Coming of age stories are the bread and butter of entertainment media. Whether it’s Rocky’s ascendance to stardom from his humble beginnings as a mediocre brawler or whatever other underdog tale I could bring up, there’s something to the journey to greatness that’s absolutely gripping. In Spider-Man: Miles Morales’ case, we get to see a new superhero come to his own as New York is left in his care during Christmas break.
Marvel’s Spider-Man was already an astonishing game on its own, and to a sense, Spider-Man: Miles Morales manages to be even better thanks to its more concise scope and shorter length. While the map is pretty much the same between both titles, there just isn’t as much fluff to get around to in the go-to-go of Miles’ turn at web-slinging. Granted, the basic gameplay remains the same — that is, story missions that are interspersed with some free-form side quests — but thanks to an activity tracker, the flow of the game feels a lot snappier and natural.
And while you’re still playing as a Spider-Man in Miles Morales, the new version is even slinkier and faster than Peter Parker. There are also a number of new electric powers that help make playing as Miles both familiar and different. Plus he can turn invisible, which comes in extremely handy when trying to tackle stealth situations and get out of pinches during brawls.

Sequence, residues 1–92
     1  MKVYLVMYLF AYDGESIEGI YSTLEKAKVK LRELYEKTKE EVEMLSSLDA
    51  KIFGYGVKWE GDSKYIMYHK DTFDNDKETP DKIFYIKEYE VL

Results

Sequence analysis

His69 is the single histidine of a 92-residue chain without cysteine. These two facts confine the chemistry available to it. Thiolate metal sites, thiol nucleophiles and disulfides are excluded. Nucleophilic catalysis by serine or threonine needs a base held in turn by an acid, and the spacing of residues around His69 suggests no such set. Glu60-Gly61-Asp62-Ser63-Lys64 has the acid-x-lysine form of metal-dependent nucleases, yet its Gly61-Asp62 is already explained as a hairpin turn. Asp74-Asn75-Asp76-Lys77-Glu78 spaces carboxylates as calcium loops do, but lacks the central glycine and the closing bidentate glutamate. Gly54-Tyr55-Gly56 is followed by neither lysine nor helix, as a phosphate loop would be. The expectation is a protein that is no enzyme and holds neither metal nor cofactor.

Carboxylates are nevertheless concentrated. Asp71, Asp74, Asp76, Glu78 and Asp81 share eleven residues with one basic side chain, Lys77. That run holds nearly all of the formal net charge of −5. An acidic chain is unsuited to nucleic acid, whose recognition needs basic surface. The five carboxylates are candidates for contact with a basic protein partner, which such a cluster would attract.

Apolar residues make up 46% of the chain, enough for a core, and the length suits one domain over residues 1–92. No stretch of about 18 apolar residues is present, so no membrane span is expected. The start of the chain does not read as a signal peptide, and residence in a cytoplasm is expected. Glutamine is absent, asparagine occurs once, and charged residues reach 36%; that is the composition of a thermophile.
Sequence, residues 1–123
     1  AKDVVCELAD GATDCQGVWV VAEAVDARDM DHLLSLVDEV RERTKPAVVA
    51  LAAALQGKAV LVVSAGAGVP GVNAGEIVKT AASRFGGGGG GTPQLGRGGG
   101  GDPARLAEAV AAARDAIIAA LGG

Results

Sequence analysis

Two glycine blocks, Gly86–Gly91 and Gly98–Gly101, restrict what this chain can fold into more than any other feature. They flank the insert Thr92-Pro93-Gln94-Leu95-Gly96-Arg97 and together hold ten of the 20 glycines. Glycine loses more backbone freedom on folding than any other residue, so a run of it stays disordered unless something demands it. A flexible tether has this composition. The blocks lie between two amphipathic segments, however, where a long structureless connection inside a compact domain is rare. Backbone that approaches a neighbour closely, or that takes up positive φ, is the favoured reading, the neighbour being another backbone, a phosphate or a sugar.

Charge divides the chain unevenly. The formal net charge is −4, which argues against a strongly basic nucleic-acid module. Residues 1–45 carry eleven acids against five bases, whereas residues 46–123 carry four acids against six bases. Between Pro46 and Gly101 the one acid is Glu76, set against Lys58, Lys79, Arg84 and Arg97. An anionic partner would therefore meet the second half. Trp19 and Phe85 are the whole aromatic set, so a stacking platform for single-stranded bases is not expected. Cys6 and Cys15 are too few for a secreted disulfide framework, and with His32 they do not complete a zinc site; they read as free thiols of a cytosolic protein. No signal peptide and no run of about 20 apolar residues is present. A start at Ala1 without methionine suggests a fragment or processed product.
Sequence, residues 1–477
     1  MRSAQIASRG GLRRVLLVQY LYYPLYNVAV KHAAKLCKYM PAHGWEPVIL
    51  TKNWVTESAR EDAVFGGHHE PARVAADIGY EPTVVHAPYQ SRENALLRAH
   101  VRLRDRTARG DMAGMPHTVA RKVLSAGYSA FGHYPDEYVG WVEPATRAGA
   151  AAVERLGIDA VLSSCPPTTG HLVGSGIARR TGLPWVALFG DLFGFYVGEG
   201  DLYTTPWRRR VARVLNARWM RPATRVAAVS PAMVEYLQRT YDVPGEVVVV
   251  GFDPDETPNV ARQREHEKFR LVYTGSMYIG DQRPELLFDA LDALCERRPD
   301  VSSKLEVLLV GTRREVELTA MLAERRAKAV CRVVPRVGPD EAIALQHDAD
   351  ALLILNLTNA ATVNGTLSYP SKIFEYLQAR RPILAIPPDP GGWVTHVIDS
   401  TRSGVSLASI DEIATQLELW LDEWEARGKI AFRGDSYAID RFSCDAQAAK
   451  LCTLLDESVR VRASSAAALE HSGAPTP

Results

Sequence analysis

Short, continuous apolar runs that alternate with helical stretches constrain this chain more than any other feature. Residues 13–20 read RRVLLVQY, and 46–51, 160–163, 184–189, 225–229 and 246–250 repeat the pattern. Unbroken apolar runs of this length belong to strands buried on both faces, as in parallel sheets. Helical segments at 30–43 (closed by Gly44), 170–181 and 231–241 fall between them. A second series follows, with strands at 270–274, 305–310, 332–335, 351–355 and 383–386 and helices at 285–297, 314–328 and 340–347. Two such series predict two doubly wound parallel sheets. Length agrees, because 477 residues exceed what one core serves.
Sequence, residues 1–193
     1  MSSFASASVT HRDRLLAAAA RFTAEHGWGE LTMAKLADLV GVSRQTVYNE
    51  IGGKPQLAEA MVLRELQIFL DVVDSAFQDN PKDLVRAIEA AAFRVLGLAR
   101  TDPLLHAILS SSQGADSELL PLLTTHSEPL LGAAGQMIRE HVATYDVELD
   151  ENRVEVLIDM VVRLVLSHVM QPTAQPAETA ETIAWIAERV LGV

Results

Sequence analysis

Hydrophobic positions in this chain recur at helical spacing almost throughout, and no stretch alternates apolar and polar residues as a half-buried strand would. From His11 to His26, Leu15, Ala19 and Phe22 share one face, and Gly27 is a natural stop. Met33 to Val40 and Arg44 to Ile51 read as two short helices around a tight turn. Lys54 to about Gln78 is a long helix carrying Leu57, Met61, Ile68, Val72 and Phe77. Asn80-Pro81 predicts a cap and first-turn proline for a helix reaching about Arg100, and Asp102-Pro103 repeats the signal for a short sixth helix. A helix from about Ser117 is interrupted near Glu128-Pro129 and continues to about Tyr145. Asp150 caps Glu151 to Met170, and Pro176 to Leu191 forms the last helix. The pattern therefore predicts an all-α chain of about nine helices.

The fighting in the original Spider-Man was probably one of my least favorite aspects of that game, and while I’m still not a huge fan of it in Spider-Man: Miles Morales, Insomniac has made it more manageable thanks to the faster pace in how Miles’ suite of powers unlock throughout the course of the game. The stream of new enemy types that pop up also help in adding much needed variety to encounters, especially towards the late game missions where the usual chaos ensues.
Another part of this game that shines, just as the original, is the story and character development. Miles was already a part of the first Spider-Man, and only at the end of that did he start developing powers, so when the new game begins, he’s already had some time to learn how to use his new skills. Thankfully, we’re spared from having to endure an origin story, but at the same time there’s still a lot of space for growth to Miles throughout the game, both as a hero and in his personal life, moving to Harlem after the death of his father at the end of the last Spider-Man.
There’s much to say about brevity in games, and in this regard, Spider-Man: Miles Morales masterfully avoids overstaying its welcome. As with the previous one, there’s a lot to see and do during and after the story, but if you’re only interested in bee-lining to its conclusion, the game will still feel like a full experience.
And for completionists there’s new game plus, where the entirety of Miles’ skill trees open up and you’re truly able to max out his powers, not to mention a new set of suits to unlock and even craft by spending collectibles you earn by completing extra missions and exploring New York.
Into the Spiderverse did an incredible job introducing Miles Morales to the world a couple of years ago, and now Insomniac has brought a fantastic game for him to star in. Regardless of where you end up playing it, whether it’s on PlayStation 4 or 5, Spider-Man: Miles Morales is a must play.